Lethal Weapon, arguably one of the finest action films from the 80s was released exactly 30 years ago today. This film redefined the cop genre by giving the protagonists depth and vulnerability but at the same time injecting humour amongst the explosions and gun fights. There are many great scenes in this movie but I would love to share with you my all time favourite and also some background to it which helps argue why for me this is one of the finest scenes in ANY 80’s film.
Picture this, you are Academy Award winning director Richard Donner and you've just briefed rising Hollywood star Mel Gibson about the forthcoming scene. His character Martin Riggs will be alone in his trailer and in a moment of madness he is contemplating suicide. He is an inconsolable wreck as he stares a picture of his recently deceased wife while he fondles a handgun. On the TV in the corner of the room a bug’s bunny cartoon plays out its slapstick humour but Riggs isn’t paying any attention.
To add weight and realism to the scene, Richard informs Mel just before the cameras roll that the gun he will be holding is actually loaded with live blanks which whilst aren't strictly as dangerous as bullets, could still kill or injure anyone. He thinks this little tactic will bring out the best in Mel and that his reactions to this danger will be more real. Mel looks at Richard and doesn't say anything, but the atmosphere is palpable.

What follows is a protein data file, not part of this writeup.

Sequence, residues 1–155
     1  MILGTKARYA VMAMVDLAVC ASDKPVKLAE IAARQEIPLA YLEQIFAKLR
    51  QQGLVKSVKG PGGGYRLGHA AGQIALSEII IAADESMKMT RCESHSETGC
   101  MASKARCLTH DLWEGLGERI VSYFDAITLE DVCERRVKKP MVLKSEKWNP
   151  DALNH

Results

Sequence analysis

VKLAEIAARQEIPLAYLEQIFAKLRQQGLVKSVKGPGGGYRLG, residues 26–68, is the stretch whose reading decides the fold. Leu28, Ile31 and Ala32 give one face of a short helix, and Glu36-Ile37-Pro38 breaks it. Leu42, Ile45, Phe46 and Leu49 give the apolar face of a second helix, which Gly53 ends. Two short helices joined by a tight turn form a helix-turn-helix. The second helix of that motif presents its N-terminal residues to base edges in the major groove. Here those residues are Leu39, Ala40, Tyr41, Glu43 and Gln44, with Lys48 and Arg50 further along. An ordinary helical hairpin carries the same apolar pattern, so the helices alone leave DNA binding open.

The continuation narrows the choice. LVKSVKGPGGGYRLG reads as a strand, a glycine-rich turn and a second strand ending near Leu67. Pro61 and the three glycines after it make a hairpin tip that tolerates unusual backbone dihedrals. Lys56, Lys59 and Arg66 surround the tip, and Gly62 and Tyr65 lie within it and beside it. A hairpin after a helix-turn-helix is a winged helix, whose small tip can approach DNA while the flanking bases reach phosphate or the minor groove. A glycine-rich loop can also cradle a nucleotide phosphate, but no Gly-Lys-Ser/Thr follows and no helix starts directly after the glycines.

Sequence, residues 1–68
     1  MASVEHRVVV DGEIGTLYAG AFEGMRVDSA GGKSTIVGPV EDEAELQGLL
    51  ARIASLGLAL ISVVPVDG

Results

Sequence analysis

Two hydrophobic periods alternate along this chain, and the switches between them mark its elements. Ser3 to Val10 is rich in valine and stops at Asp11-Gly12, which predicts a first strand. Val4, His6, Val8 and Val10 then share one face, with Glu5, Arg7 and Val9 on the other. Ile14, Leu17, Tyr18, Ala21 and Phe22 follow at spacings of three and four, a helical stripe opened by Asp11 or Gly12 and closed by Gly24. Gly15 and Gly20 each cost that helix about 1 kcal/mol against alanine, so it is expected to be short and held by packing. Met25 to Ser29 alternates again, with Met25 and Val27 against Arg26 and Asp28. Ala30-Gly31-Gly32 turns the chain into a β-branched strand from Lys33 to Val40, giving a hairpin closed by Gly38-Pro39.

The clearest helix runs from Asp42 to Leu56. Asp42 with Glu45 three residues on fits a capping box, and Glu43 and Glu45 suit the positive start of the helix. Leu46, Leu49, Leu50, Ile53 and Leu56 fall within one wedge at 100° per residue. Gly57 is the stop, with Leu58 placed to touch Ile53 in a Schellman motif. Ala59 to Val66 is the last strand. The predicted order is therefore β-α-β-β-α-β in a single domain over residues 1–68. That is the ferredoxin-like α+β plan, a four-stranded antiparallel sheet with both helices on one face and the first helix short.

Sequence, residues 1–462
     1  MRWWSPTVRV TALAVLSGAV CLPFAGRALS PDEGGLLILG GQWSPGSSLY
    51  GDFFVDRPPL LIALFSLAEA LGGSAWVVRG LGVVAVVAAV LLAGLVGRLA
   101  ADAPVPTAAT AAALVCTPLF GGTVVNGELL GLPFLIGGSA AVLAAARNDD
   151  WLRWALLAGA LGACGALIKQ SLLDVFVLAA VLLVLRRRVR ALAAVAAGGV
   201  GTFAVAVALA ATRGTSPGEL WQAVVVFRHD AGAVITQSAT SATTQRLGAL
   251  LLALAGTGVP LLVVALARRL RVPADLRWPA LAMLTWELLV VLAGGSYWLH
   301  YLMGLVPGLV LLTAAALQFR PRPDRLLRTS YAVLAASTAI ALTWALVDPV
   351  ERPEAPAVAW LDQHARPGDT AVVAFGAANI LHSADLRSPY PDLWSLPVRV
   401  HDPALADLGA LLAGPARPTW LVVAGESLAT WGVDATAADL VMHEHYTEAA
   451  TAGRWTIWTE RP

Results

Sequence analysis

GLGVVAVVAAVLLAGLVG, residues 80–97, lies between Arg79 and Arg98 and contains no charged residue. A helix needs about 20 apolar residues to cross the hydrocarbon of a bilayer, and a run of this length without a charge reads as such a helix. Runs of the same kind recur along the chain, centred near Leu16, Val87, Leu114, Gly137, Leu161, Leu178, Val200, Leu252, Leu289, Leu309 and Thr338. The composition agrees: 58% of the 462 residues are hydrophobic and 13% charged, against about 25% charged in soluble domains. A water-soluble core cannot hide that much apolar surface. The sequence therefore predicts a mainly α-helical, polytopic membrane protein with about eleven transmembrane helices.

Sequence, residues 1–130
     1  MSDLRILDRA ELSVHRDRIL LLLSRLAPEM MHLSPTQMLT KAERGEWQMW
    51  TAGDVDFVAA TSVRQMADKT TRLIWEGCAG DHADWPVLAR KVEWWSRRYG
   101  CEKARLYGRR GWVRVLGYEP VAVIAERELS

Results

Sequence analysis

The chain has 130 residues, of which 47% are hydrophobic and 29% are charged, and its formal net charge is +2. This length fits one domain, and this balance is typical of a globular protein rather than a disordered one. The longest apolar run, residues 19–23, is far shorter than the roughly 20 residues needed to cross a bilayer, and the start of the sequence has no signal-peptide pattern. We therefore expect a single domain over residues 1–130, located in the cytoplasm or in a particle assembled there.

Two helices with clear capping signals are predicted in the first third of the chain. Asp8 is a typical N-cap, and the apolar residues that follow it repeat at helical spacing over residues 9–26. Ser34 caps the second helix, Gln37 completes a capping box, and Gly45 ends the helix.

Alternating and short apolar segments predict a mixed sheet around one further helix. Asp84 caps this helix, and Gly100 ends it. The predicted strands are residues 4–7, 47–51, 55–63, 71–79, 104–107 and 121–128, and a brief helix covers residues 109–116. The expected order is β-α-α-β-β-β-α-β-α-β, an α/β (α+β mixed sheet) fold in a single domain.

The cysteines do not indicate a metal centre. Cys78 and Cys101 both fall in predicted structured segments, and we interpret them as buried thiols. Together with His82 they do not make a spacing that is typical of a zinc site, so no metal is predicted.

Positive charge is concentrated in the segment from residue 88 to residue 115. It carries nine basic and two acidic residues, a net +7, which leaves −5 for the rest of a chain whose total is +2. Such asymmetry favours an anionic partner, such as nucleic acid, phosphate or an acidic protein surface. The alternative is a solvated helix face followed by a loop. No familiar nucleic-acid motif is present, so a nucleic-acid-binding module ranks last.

Action! Take one
Mel is more than up to the task, his portrayal of a man agonising over his beloved wife is formidable. He treats the gun almost like another actor, almost feeding off the atmosphere. As directed Mel lifts the gun to his temple and the tension raises just enough to lift the scene.
Suddenly Mel puts the gun in his mouth and pulls the trigger back, much to the shock of the entire film crew. This isn’t in the script. Those that know that the gun is loaded know that this move could end badly. Richard Donner however has worked with the best method actors including perhaps the all time legend; Marlon Brando and against all health and safety protocol he goes with his instinct and lets the cameras roll. Meanwhile Mel portrayal of Riggs is harrowing, he wants to end the pain but perhaps his sense of duty prevents him from doing it. As he lowers the gun he looks at the picture of his wife and says “I’ll see you later, I’ll see you much later” giving the viewer the sense that Riggs has had a realisation that suicide will never be the answer.
The crew’s hearts drop from their mouths back to their chests and a collective sigh of relief is heard all over the set. The tech team rush in and disarm the gun and Mel walks off set but not before giving his director a dry smile. They both know without watching the playback that Mel has it in one take. For me this is the perfect synergy between a great director and a brilliant actor coming together to create something greater than the sum of their parts.
Check out the scene in its entirety below